How to read eye prescriptions: become an expert!

How to read eye prescriptions: become an expert!

It is becoming increasingly important to learn how to read eye prescriptions. After all, e-commerce eyewear brands are becoming more and more popular, and there are many plenty of opportunities to purchase a wide variety of glasses online- from sunglasses to prescription glasses to blue light glasses.  

Understanding how your eye prescription works will open up a lot of new opportunities to explore different types of glasses without needing the advice of an optician.

Here’s a quick guide to help you become an expert at reading eye prescriptions!

Glasses prescriptions 101

Glasses prescriptions 101

Prescriptions for eyeglasses are typically represented by a series of numbers listed under different headings: OS and OD, or OU.  

What is the meaning of eye prescriptions?

These refer to Latin abbreviations:
- OS: oculus sinister, referring to the left eye
- OD: oculus dextrus, for the right eye
- OU: oculus uterque, both eyes.

Although these are still the most common terms for prescription glasses, some doctors have started to modernize their eyeglasses prescriptions with the use of RE, for the right eye and LE for the left one. 

NEARSIGHTEDNESS AND FARSIGHTEDNESS: HOW TO READ THE NUMBERS?

NEARSIGHTEDNESS AND FARSIGHTEDNESS: HOW TO READ THE NUMBERS?

Generally speaking, the further away a number is from 0, the more vision correction will be needed (a stronger prescription).

The measurement used is “sphere”, known as S or SPH, which refers to the spherical portion of the prescription measuring the degree of nearsightedness or farsightedness.

There are some elements to take into consideration:
+ refers to farsightedness
- refers to nearsightedness
D is the unit used to measure the correction. The numbers represent diopters.


So now that we know that an eye prescription is made up of numbers and signs, here are a few examples to practice breaking it down:
-1.00: this represents 1 diopter of nearsightedness.
-4.25: this represents 4 and ¼ diopters of nearsightedness.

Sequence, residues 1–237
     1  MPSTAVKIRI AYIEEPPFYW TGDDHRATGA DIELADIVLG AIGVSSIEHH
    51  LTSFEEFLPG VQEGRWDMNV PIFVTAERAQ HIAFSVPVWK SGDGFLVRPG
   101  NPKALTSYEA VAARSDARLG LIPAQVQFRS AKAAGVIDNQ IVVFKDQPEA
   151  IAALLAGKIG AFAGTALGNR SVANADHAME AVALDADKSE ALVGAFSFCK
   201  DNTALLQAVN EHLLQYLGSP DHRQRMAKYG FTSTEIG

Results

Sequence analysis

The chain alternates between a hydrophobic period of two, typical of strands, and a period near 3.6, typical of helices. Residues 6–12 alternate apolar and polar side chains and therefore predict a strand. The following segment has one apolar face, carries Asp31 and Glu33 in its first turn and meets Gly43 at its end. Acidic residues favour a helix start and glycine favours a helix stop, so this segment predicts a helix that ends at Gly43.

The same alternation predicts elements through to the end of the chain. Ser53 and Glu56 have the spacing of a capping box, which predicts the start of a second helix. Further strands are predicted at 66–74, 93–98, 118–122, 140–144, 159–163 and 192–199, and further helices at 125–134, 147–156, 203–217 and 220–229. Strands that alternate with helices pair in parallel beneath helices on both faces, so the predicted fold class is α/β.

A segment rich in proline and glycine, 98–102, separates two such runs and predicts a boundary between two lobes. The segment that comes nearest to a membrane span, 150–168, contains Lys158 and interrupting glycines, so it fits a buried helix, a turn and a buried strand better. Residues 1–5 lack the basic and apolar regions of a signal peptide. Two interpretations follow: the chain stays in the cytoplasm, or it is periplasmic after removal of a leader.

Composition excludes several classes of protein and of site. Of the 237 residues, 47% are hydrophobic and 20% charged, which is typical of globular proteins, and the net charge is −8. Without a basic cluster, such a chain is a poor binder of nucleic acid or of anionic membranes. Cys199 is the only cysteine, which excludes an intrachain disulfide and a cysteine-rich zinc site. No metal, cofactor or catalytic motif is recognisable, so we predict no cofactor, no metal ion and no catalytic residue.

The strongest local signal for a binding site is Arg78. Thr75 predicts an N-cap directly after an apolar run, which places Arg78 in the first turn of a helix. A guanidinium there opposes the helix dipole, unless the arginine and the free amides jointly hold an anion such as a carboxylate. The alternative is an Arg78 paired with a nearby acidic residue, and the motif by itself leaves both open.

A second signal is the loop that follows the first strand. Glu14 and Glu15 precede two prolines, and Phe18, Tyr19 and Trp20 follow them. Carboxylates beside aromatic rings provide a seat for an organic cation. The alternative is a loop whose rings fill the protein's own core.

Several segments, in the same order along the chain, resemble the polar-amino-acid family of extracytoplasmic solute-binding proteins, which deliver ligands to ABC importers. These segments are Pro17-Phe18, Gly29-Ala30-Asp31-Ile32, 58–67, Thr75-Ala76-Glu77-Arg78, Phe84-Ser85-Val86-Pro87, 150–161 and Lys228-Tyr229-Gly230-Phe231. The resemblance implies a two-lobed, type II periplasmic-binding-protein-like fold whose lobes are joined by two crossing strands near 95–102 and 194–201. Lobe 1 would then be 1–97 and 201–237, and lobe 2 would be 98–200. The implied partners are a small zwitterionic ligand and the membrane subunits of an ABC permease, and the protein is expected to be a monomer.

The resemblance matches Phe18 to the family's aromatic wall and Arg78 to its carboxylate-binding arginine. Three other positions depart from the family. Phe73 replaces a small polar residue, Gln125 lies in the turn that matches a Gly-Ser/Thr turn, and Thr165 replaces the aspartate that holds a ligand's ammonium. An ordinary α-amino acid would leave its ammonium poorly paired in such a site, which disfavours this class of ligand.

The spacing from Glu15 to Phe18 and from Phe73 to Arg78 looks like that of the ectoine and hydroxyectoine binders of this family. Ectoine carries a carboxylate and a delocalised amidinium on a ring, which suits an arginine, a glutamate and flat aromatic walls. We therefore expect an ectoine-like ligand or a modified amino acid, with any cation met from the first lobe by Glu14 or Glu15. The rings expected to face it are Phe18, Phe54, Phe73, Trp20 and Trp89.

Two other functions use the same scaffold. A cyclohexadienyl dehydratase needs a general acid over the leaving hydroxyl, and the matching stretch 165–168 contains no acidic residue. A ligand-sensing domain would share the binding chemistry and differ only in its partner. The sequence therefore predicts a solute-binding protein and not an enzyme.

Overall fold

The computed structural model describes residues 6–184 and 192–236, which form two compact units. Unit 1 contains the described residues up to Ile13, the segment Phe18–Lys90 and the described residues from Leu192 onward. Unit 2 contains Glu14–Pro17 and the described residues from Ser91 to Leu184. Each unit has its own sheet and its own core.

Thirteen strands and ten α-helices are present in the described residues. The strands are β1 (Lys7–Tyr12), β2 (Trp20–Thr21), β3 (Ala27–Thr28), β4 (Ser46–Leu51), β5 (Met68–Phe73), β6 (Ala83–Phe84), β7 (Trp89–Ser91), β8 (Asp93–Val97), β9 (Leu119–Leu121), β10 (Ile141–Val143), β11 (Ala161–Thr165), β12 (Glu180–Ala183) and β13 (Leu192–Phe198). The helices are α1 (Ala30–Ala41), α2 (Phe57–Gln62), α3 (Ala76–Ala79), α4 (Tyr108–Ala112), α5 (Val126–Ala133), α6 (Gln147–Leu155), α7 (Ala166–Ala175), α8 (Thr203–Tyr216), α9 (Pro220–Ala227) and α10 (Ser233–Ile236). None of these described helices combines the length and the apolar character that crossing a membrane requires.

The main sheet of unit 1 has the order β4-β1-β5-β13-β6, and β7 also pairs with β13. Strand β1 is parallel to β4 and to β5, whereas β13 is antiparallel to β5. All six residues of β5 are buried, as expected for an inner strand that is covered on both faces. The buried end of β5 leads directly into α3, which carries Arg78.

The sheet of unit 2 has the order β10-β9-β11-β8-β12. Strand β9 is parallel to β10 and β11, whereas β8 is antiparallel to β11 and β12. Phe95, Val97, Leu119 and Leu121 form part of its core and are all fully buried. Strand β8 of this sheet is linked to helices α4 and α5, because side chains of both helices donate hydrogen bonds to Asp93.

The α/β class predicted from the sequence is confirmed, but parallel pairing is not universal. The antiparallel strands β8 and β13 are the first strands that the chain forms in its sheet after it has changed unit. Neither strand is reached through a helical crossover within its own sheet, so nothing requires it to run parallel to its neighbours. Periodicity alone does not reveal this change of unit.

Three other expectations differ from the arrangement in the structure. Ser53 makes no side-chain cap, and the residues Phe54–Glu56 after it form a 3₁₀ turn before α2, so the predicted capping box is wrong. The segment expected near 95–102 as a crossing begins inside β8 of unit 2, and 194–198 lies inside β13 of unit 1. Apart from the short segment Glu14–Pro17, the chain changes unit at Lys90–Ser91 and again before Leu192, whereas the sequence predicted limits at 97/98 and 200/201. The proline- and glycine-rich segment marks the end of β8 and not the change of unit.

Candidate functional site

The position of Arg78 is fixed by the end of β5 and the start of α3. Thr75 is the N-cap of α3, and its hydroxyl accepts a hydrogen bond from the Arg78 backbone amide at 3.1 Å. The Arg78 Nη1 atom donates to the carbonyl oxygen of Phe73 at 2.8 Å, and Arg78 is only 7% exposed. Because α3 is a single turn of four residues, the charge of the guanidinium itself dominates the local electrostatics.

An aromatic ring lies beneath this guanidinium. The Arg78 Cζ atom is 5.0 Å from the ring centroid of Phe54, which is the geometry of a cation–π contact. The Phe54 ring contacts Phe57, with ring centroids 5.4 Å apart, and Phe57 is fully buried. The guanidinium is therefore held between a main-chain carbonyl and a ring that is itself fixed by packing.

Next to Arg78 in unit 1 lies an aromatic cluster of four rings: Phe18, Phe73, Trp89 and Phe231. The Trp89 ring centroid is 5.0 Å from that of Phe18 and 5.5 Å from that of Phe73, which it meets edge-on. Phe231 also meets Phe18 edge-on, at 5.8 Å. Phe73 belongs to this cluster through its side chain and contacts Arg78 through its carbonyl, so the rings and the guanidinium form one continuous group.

+1.00: this represents 1 diopter of farsightedness.

Understanding your eye prescription

Understanding your eye prescription

These are the three elements that are important in an eye prescription:

S x C x Axis

(for example: O.D -2.50 -0.75 x173 / O.S -3.00 -1.00 x004).

- SPH or SPH: measures the degree of nearsightedness or farsightedness

- C or CYL: indicates the amount of lens power or degree of astigmatism, and it can be negative or positive. The bigger the number, the stronger the astigmatism

- Axis: a number between 0 and 180 degrees that reveals the orientation of the astigmatism, in order to know where the curvature is taking place

Astigmatism, the degree measured in CYL, is often caused by a cornea that is shaped like a football instead of being perfectly rounded. It also means that there are a few more things to take into consideration when reading your prescription.

Other additional elements to take into account

Other additional elements to take into account

ADD: represents the additional correction needed for presbyopia (age-related farsightedness). The ADD indicates if you’d need bifocal or progressive lenses, which corrects vision while helping put things in focus for either far or near distances, depending on the case. As such, it would allow adding two different prescriptions in one, for farsightedness and for nearsightedness.

At Barner, we are not currently producing progressive lenses, but we can offer blue light glasses with a single prescription: either to help you with nearsightedness, so you can better see distant objects, or with farsightedness, so you can read better. If you’d like to know more, click here.

PD (Pupillary distance): Refers to the distance, in millimeters, between both pupils in the eyes. It is typically used to center the graduation of the lenses. If you need help measuring your PD, check our FAQs below!

An example of astigmatism prescription explained

An example of astigmatism prescription explained

Let’s imagine you’ve been given these numbers: O.D -1.00 -0.50 x180, what does that mean?

In this case, the numbers are indicating that a person has 1 diopter of nearsightedness with -0.5 diopters of astigmatism and an axis of 180 degrees.

HOW TO FIND OUT WHAT PRESCRIPTION YOUR GLASSES ARE

HOW TO FIND OUT WHAT PRESCRIPTION YOUR GLASSES ARE

Already have a pair of glasses and curious about what your existing prescription is? Ask an optician or optometrist to read the power of your glasses with a lensometer as this will give you the most reliable reference point.


Keep in mind that prescriptions tends to change over time, so it’s always a good idea to renew your prescription every year or so to make sure it’s up to date!

How strong is my eye prescription?

How strong is my eye prescription?

According to the American Optometrist Association (AOA) [1], these are the following levels of prescription:

MILD

- Nearsightedness: -0.25 and -2.00
- Farsightedness: +0.25 and +2.00

MODERATE

- Nearsightedness: -2.25 and -5.00
- Farsightedness: +2.25 and +5.00

HIGH

- Nearsightedness: lower than -5.00
- Farsightedness: higher than +5.00

prescription how

Our prescription range

Our prescription range


Range of lenses: We can accomodate any eye prescription ranging in power from +6.00 to -8.00, and Cylinder (CYL) from +4.00 to -4.00. 

Please keep in mind that the sum of sphere and cylinder metrics can only reach a maximum of -8 or +6. 

To order your prescription lenses online, you can check this useful article

FAQS